The Role of Your Thought Life

What you believe about yourself and others comes largely from where your thoughts dwell. Proverbs 23:7 (NASB) says, “For as he thinks within himself, so he is.” Yet, controlling thoughts often seems simply impossible. Thoughts seem to pop in and out with no effort on our parts. Not only that, but our culture overwhelms us with input that seemingly directs thoughts without our conscious awareness.

When we try to control our thought lives, we lose the battle. The flesh simple does not have the strength to combat its desires. But when we are controlled by the Spirit, when we choose Jesus as our master, the role of our thought lives then becomes one that encourages and motivates yourself and others (Romans 6:15-18).

In A Woman’s Secret for Confident Living: Becoming Who God Made You to Be, Karol Ladd says that “we must be continually aware and discerning of the voice we listen to.” This sentiment finds its roots in Romans 8 which says, “those who are dominated by the sinful nature think about sinful things; but those who are controlled by the Holy Spirit think about things that please the Spirit” (v. 5).

Being controlled by the Spirit means that we “can produce good fruit, that is, good deeds for God” (Romans 7:4). We can choose to obey righteousness. Doing so does not mean resting on our laurels. It means letting the power of God’s Holy Spirit direct our lives from within. Because of this, we can choose to direct (or fix) our thoughts “on what is true and honorable and right… things that are pure and lovely and admirable… things that are excellent and worthy of praise” (Philippians 4:8).

So how do we go about fixing our thoughts?

  1. Don’t think about the bad. We all wish this meant the thoughts didn’t pop into our heads. They still do. What this means is not giving them room in our thoughts once they do show up. Push them out, then proceed to #2.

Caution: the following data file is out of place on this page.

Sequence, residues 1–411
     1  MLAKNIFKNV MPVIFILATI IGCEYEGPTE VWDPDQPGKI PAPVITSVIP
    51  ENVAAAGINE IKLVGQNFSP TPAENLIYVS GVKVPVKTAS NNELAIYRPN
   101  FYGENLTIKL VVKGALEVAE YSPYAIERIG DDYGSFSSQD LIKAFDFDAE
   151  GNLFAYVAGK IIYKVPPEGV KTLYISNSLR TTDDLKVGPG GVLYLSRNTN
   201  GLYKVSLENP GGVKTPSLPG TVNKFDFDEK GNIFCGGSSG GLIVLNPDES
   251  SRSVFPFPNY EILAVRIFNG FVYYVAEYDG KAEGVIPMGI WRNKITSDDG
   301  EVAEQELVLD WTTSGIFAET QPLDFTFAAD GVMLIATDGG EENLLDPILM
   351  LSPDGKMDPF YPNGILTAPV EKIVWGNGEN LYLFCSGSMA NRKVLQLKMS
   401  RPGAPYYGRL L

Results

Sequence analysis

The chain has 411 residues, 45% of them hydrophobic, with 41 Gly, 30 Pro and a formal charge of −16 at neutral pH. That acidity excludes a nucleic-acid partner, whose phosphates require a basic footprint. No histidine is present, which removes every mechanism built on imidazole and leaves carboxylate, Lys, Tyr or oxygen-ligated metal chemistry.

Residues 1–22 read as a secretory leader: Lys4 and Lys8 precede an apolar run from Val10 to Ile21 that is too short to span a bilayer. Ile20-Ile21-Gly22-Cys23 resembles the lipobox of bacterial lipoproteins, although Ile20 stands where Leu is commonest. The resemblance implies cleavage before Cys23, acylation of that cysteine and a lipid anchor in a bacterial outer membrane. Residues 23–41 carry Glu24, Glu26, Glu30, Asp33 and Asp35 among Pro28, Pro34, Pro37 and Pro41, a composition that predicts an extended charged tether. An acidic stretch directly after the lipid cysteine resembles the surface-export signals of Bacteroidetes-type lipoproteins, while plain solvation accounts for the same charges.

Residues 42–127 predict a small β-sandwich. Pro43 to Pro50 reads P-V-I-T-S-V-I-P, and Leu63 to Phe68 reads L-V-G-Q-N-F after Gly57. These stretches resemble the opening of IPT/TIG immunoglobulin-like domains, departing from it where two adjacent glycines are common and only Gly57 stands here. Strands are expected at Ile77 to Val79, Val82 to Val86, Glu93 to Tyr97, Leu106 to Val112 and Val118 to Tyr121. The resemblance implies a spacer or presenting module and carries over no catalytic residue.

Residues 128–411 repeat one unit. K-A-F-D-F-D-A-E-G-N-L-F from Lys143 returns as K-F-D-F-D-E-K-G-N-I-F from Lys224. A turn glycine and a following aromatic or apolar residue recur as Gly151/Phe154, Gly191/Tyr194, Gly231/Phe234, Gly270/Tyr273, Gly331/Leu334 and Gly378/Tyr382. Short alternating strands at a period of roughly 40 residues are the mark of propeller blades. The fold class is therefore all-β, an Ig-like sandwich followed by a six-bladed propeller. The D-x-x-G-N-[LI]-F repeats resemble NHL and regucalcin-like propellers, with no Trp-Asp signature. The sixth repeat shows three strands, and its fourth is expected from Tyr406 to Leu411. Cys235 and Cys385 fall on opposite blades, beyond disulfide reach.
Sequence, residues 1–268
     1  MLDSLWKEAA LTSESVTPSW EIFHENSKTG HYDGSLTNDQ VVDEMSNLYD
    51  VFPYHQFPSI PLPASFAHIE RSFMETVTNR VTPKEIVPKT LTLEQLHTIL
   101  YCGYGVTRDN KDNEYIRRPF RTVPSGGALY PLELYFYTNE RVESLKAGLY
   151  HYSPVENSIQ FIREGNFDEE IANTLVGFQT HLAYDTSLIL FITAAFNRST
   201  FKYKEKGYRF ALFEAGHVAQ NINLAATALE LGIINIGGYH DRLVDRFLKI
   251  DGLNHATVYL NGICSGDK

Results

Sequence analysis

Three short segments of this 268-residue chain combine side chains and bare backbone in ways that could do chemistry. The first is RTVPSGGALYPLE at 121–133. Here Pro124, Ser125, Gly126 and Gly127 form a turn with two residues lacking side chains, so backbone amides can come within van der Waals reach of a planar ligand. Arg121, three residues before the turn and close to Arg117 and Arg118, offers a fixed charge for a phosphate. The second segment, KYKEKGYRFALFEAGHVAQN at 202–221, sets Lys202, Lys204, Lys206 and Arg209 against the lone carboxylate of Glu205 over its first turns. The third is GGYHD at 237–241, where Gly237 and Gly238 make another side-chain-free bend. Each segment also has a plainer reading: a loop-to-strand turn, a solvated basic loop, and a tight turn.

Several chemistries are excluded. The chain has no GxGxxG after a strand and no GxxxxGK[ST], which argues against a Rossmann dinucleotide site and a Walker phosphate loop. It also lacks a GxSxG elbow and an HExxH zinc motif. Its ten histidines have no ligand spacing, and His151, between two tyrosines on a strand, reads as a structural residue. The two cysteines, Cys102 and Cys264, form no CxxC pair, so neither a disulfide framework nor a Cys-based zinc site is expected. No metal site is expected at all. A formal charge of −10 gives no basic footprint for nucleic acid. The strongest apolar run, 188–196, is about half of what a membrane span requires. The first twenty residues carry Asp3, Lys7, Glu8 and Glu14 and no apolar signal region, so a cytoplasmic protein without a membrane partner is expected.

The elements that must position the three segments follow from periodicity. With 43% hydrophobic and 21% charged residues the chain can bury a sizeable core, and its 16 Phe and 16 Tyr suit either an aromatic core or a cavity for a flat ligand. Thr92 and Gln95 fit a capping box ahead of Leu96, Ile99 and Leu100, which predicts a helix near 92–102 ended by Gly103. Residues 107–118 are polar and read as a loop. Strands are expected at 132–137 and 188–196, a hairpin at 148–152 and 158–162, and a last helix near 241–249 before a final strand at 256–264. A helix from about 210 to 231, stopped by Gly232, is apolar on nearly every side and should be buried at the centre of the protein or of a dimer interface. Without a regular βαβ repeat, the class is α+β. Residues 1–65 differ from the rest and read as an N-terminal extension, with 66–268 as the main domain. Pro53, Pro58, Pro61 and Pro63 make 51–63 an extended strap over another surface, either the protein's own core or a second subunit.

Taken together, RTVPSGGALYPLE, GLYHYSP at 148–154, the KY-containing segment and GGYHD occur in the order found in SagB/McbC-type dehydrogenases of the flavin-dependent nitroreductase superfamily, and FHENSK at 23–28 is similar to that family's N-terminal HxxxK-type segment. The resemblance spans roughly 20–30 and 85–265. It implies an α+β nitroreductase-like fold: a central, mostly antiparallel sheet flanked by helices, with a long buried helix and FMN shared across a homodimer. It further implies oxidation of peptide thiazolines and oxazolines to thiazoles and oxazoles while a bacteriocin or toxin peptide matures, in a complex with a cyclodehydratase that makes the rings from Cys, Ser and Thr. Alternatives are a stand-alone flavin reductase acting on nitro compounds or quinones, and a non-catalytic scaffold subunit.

2. Think about good. Anyone trying to break a bad habit knows that just getting rid of the bad habit isn’t enough. It must be replaced with something else. In our thought lives, we can replace our negative, self-defeating thoughts with scripture. We can fill our minds with teaching from full-Gospel teacher and preachers. We can surround ourselves with other Christians. We can choose to read and watch only that which builds us up.
  3. Know truth. A study of 1, 2 & 3 John reveals a message of love, forgiveness, living in community, dealing with sin, and living a holy life. In those messages, John stresses the basic truths of the Christian faith. One repeating element in what John says is to know false by knowing truth. In other words, know the Word of God. Don’t study false doctrine, but know God’s truth to protect yourself against the false.
  4. Have a firm foundation. Matthew 7:24-27 provides a wonderful analogy telling us why having a firm foundation is so important in the Christian walk. And, of course, that foundation is the Gospel of Christ. Listen to it, and obey it and be “wise, like a person who builds a house on solid rock.”
  5. Guard against accusations. We know that Satan “prowls around like a roaring lion” waiting to devour his victims (1 Peter 5:8). Since we know this will happen, we must guard against it by the by standing confidently in Christ. How? By directing (fixing) our thoughts, by knowing truth, and by making sure our foundation is firm.

Not only do we have the power of God to obey righteousness in our thought lives, we can also put those thoughts into action. This means that our true, honorable, right, pure, lovely, admirable, excellent and praiseworthy thoughts can show themselves visibly in our attitudes actions and words (Philippians 4:9).

For discussion & further study:

  • Read Romans 6, 7 & 8. Reflect on the amazing life awaiting Christians who are no longer bound to the law.
  • Read 1, 2 & 3 John and highlight passages focusing on the importance of knowing the truth.

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Book Discussion: For those of you reading A Woman’s Secret for Confident Living: Becoming Who God Made You to Be by Karol Ladd, please go to our Summer Book Club page to participate in a discussion about the book.

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